Some time shortly after my Bratislava visit, I was told that a very senior Scandinavian former minister had made an urgent request to meet me. I agreed to do so, and arranged to have coffee with him in the Pugin Room in the House of Commons.
He was a distinguished man, who spoke impeccable English. He sipped his coffee and said: “I have come to see you for reassurance. Please tell me that the UK will not really be leaving the EU.”
I was astounded.
“We are certainly leaving,” l assured him. “The country has just voted to do so.”
The Scandinavian replied: “But surely you are not serious. The referendum was advisory, no more. You are not bound by it. You must see that for the UK to leave would be disastrous for Europe.”
Once again, I told him that we would certainly be leaving. I explained that the Government had given a commitment to comply with the outcome of the referendum and that it would be politically impossible to go back on that commitment. I pointed out that my Department had been created specifically to achieve our withdrawal from the EU.
“But you can still stop it,” he replied. “Have a second referendum. The people must understand what damage this would do to the whole of Europe. The smaller member states need the UK as a counterbalance to Germany. You simply can’t leave.”
“I’m sorry,” I answered. “That’s not the way things work in this country. We made it clear that would abide by the referendum. We are leaving, and there is no going back.”
The gentleman was palpably saddened. He finished his coffee, shook hands with me and left. It was clear to me that, despite his distinguished service to democracy in his own country, he simply could not understand why the British Government should feel so perversely obliged to fulfil the referendum mandate. It was, after all, only advisory; and why should politicians listen to the electorate’s advice?
My meeting with the Scandinavian was my first introduction to the EU way of doing things. More was to come.
The General Affairs Councils were very different, both in feel and procedure, from the UK Cabinet committees upon which I sat. Cabinet committees tended to be meaty events, chaired by a senior minister, in which there was extensive and detailed discussion of the matters under consideration. They were not, generally, time-limited. They were meetings at which things tended to get done.
The GACs, however, were wholly different, both in terms of substance and style. For a start, the positions of the various Member States had already been substantially agreed in principle by officials before the meetings commenced. There were infrequently any matters of significant dispute or, to be frank, of substantive discussion.
Not, however, that this deterred any of the EU ministers present at the Council from expressing an opinion. Everyone took his or her turn. Because there were so many ministers present, the person chairing the discussion would usually impose a time limit of two or three minutes for each contribution. Most of the ministers tended to adhere to the limit, though there were exceptions. One female minister from a southern European country invariably exceeded her allotted time very substantially. Oblivious to the sighs and rolling eyes around the table, she would drone on interminably, thereby reducing the time available to other ministers. She never appeared abashed and her colleagues were always too polite to complain.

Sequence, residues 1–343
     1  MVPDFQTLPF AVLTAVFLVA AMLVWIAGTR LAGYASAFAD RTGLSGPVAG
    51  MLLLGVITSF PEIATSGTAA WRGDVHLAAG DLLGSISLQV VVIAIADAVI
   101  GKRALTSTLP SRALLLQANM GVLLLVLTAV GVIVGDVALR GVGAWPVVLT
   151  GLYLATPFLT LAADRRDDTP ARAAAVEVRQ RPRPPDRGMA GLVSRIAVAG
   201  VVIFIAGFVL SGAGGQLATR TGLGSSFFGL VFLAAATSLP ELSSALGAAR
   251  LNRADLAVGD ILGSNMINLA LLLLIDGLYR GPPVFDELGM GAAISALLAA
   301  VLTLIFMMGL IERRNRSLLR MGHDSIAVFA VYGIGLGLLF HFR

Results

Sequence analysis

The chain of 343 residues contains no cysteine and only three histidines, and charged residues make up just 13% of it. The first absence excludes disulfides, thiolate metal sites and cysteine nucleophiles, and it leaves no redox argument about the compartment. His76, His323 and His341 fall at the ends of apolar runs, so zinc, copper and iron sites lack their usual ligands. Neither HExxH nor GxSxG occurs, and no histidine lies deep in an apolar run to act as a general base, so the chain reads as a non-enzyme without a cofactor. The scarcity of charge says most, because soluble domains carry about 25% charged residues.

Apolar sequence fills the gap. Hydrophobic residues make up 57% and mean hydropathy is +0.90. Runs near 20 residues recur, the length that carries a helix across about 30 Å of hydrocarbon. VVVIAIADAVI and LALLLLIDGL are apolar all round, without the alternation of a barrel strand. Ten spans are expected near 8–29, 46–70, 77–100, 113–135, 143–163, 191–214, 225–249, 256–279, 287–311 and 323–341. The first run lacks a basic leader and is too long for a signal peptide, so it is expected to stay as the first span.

I had half anticipated that the meetings would be a sort of Babel, with everyone plugged into delayed translations over their headphones. That, in fact, turned out not to be the case. The French, of course, invariably spoke French. They did so, I felt, as a matter of principle, simply because almost everybody else spoke English. Otherwise, the headphones were rarely used.
I felt a certain degree of disappointment at this, since I had assumed that lurking in the Council were officials with such rarefied language skills they they could, for example, translate from Maltese to Estonian. Maybe those super-linguists did exist, but if there were any, I saw no evidence of them. Everyone spoke English.
What, I wondered, would happen when the UK finally left the EU? Would English cease to be an official language? After all, only the Irish would remain as first-language English speakers. My suspicion was that everyone would continue to use English, simply because it is so convenient.
Everyone, of course, except the French.
The GACs, by and large, were conducted reasonably efficiently and without controversy. The one exception was the occasion when the Council was considering its approval of CETA, the Comprehensive Economic and Trade Agreement between the EU and Canada.
The meeting was being held in the vast and largely deserted EU building in Luxembourg. It had been anticipated that there would be little difficulty in approving the agreement, which had been some seven years in the negotiation. Indeed, arrangements had already been made for the reception of the Canadian Prime Minister, Justin Trudeau, to sign the document.
At the last moment, however, there was a hiccup. The regional government of Wallonia was withholding its approval, apparently concerned about the potential impact of CETA upon agriculture.
The Belgian Foreign Minister, who was in attendance, made clear that he could not give his approval for so long as consent was being withheld by the Walloons. He kept disappearing to make telephone calls, while the rest of us chatted abstractedly, consuming huge quantities of coffee.
After a full three hours, the Belgian returned from his umpteenth telephone call, to announce that there had been no significant progress. The rest of us decided it was time to go home.
As I exited the conference room, I overheard one of my colleagues say to another: “Where exactly is Wallonia?”
This article will be included in a forthcoming paper from the Red Cell which will be published in due course on its website.